States of Matter

Reviewing States of Matter

Learning Objective

I can predict the changes caused by heating and cooling such as ice becoming liquid water and condensation forming on the outside of a glass of ice water by making predictions about the outcomes of the science experiment and discussing my prediction with a partner using the sentence stems, " I believe my ice cube will melt in the fastest time because I will__. I predict it will take __ minutes/seconds to melt the ice cube."


Academic Vocabulary

  • heating - when matter gains thermal energy
  • cooling - when matter loses thermal energy
  • matter - a physical substance which occupies space and has mass
  • property - an attribute or characteristic of something
  • molecule - a group of atoms which are bonded together (chemistry)
  • thermal energy - heat energy
  • condensation - when a gas is converted to liquid due to cooling
  • State of Matter- solid, liquid, gas, plasma

Incidental Vocabulary

  • occupy - to use a specific space
  • predict - to say something that will happen in the future
  • caused - to make something happen
  • outcomes - the way something turns out

Characteristics of Solids, Liquids, and Gases:

How fast can you melt an ice cube in your hand?

Make a prediction: How long do you think it will take you to melt an ice cube in your hand? Do you have a strategy for being the fastest?

Use the sentence stems, " I believe my ice cube will melt in the fastest time because I will __." and, "I predict it will take __ minutes/seconds to melt the ice cube."

After you have written your prediction in your science notebook, discuss it with your partners using the same sentence stems.

When you have finished predicting and discussing, please put your finger on your nose.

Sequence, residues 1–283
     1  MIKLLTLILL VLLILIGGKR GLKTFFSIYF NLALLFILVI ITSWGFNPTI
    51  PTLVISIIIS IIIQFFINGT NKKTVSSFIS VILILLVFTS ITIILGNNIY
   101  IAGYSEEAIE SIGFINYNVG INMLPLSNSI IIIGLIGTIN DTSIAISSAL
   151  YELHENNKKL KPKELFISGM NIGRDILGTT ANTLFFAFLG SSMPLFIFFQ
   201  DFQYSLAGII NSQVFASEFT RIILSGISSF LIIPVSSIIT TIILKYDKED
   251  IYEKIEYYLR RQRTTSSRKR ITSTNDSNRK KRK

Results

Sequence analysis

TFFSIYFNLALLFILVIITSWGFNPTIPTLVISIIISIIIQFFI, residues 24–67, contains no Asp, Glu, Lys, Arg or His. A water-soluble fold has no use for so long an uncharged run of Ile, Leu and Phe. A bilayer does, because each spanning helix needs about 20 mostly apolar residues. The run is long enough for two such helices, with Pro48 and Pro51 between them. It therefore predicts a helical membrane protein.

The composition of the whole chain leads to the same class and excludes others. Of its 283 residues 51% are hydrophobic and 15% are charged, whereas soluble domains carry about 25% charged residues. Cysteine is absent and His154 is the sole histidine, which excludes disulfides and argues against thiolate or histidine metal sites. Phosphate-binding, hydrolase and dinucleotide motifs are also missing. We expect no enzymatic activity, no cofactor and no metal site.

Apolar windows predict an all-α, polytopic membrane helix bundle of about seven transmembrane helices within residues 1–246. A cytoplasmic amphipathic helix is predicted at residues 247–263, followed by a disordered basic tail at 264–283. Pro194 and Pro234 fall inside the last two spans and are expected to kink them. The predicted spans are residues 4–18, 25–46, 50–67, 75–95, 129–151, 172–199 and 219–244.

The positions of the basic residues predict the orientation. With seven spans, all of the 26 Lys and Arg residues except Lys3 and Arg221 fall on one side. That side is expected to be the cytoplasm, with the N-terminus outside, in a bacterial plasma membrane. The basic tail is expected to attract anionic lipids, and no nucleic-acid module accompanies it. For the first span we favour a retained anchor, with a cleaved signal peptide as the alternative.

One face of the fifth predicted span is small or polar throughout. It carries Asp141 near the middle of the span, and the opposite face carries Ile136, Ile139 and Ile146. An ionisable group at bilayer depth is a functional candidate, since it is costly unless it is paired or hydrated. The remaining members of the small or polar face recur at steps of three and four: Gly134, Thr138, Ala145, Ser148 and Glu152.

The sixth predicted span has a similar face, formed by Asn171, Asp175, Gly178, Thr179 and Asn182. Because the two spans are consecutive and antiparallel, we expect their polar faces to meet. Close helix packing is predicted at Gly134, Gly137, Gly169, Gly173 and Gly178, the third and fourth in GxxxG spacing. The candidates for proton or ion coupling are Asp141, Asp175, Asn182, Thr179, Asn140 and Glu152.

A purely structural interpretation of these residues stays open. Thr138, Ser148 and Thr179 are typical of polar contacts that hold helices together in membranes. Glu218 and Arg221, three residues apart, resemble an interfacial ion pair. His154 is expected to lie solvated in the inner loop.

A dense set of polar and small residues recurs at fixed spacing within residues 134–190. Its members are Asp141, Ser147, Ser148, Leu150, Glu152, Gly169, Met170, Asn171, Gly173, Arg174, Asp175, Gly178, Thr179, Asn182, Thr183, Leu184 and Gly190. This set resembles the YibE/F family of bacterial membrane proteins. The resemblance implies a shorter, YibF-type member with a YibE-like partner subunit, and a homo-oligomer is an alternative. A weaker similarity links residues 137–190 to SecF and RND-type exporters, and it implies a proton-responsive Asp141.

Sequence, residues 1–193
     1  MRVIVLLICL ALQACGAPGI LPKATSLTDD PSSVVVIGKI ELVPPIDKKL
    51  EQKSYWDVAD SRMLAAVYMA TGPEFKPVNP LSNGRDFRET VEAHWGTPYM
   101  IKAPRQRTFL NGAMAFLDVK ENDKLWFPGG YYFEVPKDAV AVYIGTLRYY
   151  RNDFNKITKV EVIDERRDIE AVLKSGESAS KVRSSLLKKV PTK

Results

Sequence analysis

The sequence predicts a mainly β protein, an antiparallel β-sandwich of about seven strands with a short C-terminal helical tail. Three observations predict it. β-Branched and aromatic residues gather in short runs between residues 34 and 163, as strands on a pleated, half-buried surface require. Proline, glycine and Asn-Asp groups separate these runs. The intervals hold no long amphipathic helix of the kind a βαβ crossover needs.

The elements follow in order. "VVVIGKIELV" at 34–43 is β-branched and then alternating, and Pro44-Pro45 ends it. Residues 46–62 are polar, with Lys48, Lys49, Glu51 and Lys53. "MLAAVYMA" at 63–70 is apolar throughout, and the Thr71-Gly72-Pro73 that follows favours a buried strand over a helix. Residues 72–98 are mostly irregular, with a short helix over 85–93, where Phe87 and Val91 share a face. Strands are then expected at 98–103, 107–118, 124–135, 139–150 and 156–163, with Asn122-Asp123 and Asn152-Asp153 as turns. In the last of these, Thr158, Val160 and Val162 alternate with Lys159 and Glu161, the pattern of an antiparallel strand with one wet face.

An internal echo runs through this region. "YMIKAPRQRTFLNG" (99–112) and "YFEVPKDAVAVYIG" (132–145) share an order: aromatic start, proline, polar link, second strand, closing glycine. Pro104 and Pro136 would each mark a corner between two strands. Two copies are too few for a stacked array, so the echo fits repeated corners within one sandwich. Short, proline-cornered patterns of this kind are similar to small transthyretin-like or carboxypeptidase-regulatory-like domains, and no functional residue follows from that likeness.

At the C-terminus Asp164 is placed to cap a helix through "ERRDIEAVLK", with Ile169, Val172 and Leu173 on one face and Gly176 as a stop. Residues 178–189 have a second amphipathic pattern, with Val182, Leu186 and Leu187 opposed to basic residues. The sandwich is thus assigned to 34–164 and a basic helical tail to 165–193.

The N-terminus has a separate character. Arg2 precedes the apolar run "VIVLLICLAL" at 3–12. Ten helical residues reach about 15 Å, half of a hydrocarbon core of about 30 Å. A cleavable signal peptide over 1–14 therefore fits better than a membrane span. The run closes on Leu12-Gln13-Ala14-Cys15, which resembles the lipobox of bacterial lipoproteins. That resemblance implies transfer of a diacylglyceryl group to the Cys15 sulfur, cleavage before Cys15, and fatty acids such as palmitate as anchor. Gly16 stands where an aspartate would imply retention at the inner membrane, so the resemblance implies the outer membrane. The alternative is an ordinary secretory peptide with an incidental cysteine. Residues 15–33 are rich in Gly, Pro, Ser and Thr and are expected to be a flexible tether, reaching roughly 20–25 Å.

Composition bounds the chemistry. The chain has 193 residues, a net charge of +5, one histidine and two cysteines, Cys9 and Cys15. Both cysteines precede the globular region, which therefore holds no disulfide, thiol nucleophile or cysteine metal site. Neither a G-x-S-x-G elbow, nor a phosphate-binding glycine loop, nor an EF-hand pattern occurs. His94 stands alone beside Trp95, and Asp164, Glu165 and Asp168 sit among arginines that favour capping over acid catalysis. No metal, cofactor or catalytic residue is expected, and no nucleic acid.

Let's Give It A Go

You will need:

  • one ice cube per person
  • one stopwatch per team
  • one plastic cup
  • your science journal
  • a pencil


  1. Listen to instructions on the use of a stopwatch.
  2. Create a table for gathering data. (Your teacher will help you with this.) Every person is responsible for recording their own data.
  3. Take turns melting an ice cube in your hand (over the cup) while a member of your team times it.
  4. Record each person's time in your science journal.
  5. Reflect: Who melted the ice cube the fastest? How long did it take? How did they do it? Why do you think it worked?

A Cool Extra!

Your teacher will use the water you collected in your cups to demonstrate how liquid becomes a gas.

Time To Break It Down

Let's use a tri-fold to record the characteristics of each state of matter we explored in this lesson.

We will include a description of what happened to the water molecules as they gained thermal energy and changed state.

What does it all mean?

Please think about the following questions while keeping in mind everything your did and observed during this lesson. Record your answers in your science journal.

  • What patterns did you observe as matter changed from one state to another?
  • What do the changes imply about the molecules in the water?
  • What is your evidence?